With the last home console release, we saw the end of Kratos’ story, and so the only place to go with God of War: Ascension’s single player is back in time. Further back than we’ve ever really seen before.
The game’s opening cinematics fade to the traditional shot of Kratos’ face, before letting you gaze through his eyes for the first time as struggles with being chained up by his very own weapons. It’s interesting to see Kratos so completely defeated at this point, and yet so stoically defiant.
You join him just in time for his daily dose of torture by Megaera, one of the three Furies who have him imprisoned for the act of renouncing his servitude to Ares. Through her own overconfidence, Kratos is able to escape, and begin to chase her across the captive body of Aegaeon, the Hecatonchires.
To be fair to her, this game is just set just months after Kratos was tricked into murdering his family, and well before he established himself as the murderer of absolutely everything. So I guess she really wasn’t to know what a force of destruction Kratos is.
As you’d expect from the beginning of the game, it slowly but surely reveals gameplay to you.
As you chase Megaera through passageways and rooms, battling through the insect mutated enemies she sends your way, the vast majority of what you relearn will be familiar to fans of the series and genre. Quick attacks and heavy attacks sit in their usual places, you dodge with the right analogue stick, and those mainstay combos are the same as they always have been.
If not for the original, by the time God of War 2 hit the shelves, the formula was already honed to perfection, so it’s quite interesting that amidst all this familiarity there are some healthy little changes and tweaks to the mechanics. For example, here’s a new ability to grab an enemy from distance with the Blades of Chaos and effectively take them hostage, holding them with one arm whilst hacking and slashing with the other, before hurling them into further foes.
Another new element is the ability to pick up the weapons used by your foes and turn these back on your enemies mid-combo, in an interesting twist. It’ll help you keep the variety in the combat and could very easily play well with some trickier opponents further into the game.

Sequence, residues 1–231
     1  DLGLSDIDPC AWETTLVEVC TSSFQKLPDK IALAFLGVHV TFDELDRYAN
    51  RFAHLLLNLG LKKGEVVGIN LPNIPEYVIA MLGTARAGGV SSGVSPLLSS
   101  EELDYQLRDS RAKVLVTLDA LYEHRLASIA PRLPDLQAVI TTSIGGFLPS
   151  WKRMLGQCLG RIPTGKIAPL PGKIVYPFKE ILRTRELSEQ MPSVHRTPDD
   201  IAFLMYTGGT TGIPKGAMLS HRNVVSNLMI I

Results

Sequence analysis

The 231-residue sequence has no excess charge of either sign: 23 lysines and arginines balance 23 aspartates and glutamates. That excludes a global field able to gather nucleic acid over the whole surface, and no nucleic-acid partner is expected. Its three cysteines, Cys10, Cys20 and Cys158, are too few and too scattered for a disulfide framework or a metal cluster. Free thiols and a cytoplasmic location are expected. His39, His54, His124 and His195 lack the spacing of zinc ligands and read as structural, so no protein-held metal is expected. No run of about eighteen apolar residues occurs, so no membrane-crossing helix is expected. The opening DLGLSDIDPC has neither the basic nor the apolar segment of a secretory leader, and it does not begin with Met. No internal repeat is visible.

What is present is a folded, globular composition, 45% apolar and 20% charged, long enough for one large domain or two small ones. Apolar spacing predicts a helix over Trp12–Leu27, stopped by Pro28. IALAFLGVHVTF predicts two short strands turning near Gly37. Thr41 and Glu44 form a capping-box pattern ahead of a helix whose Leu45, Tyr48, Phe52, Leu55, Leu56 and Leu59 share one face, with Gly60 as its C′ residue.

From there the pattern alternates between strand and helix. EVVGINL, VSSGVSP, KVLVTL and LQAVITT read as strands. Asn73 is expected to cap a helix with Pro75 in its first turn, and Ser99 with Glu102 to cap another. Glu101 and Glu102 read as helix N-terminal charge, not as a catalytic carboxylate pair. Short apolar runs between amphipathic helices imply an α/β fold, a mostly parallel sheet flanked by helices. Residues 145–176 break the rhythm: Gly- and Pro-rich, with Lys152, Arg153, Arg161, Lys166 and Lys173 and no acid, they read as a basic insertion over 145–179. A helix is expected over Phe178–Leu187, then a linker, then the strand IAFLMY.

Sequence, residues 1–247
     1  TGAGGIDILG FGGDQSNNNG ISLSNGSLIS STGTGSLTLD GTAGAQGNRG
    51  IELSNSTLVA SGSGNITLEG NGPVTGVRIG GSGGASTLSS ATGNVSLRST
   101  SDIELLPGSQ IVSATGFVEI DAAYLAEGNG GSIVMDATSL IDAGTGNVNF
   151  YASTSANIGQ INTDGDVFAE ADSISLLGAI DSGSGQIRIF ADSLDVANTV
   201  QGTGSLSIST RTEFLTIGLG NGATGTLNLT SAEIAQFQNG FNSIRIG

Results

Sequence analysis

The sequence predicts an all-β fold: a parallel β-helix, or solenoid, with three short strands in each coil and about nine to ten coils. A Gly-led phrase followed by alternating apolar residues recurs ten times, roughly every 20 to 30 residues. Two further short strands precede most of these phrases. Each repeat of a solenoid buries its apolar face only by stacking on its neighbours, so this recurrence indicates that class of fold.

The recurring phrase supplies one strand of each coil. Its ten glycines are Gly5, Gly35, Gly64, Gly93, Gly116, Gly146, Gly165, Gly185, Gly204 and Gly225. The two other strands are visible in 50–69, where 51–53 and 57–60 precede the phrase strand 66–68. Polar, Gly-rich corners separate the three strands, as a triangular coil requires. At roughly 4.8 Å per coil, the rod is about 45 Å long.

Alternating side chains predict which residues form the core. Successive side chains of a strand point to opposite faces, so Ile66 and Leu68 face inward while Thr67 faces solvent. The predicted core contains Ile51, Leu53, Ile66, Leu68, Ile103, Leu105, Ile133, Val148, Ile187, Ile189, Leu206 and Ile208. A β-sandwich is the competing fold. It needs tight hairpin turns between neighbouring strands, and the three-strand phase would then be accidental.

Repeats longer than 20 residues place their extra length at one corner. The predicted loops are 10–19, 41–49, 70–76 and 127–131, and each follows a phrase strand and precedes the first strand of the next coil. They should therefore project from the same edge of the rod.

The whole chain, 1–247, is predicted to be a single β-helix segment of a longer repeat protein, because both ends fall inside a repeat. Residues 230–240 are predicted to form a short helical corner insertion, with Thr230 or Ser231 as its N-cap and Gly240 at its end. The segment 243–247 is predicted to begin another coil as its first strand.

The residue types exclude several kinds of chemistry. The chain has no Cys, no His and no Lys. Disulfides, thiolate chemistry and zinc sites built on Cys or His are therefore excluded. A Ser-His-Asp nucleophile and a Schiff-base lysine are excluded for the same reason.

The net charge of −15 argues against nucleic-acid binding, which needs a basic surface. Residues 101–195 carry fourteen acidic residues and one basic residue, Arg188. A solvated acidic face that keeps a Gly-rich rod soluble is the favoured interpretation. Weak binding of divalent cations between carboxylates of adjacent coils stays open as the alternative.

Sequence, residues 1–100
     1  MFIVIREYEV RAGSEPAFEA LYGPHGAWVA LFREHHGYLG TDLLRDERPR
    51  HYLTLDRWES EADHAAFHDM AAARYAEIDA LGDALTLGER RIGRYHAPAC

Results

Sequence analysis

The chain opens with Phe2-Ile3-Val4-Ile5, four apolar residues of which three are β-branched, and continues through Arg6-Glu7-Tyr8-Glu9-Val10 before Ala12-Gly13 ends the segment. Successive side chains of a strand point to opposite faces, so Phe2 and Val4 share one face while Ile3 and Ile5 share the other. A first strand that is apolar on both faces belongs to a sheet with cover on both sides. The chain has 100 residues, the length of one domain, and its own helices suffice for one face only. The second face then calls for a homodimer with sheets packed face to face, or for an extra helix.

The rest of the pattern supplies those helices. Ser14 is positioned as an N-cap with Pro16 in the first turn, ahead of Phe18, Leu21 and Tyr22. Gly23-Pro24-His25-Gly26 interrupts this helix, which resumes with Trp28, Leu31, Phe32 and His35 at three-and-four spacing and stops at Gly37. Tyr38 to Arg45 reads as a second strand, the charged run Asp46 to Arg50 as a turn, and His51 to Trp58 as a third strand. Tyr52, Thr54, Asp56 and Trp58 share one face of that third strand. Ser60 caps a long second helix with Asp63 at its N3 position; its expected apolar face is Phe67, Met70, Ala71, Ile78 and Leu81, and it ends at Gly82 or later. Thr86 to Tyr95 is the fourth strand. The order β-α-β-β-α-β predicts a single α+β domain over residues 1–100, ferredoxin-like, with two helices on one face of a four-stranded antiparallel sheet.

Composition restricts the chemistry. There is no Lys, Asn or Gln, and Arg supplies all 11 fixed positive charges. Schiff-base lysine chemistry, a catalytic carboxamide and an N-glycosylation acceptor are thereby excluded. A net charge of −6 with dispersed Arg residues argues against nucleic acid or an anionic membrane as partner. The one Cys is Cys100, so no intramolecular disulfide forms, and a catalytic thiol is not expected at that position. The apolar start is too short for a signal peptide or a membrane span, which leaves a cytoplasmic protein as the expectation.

It actually took me a little while to fully realise that some of these elements were new to the game, I’ll admit, but I think that simply shows what the aim has been during development. They’re making changes but not rocking the boat too hard, and if you have better memories of the various moves from previous games than I, you’ll be absolutely fine.
This is all just gently tweaking what has worked so well before.
The same can very easily be said of the visuals. Though I know there are many who hate the inability to control the camera, and I did take an occasional combat roll (in game) when I wanted to take a peak round a corner, having the camera locked lets Santa Monica Studio push some incredible vistas out of the PS3’s aging hardware.
The PS3 exclusives for 2013 all show Sony’s first party developers at the very pinnacle of what this machine can do.
During the running battle with insect infested Hecatonchires hands, fighting all the way across his body, I still found it endlessly impressive just how much the environments shifted.
We’ve seen such things before in God of War 3, but having absolutely every element on screen animated and in constant motion just doesn’t get old for me, especially when tied up with the variety of combat you see just from fighting these infested hands in different situations.
So really, for the single player, I guess this is a case of bringing more of the same to the table. A few changes here and there without disturbing the near perfected gameplay of before, all wrapped up in a plot which hopefully shows a more human side to Kratos, as promised.
Let me be clear that this is hardly a bad thing. For those that bemoan a lack of change there’s the headline grabbing online multiplayer, but for those that just want another spectacular adventure with Kratos, this is still set to be another entry worthy of the name.
For more on GoW:Ascension’s multiplayer, TSA dipped a toe into the online beta last December.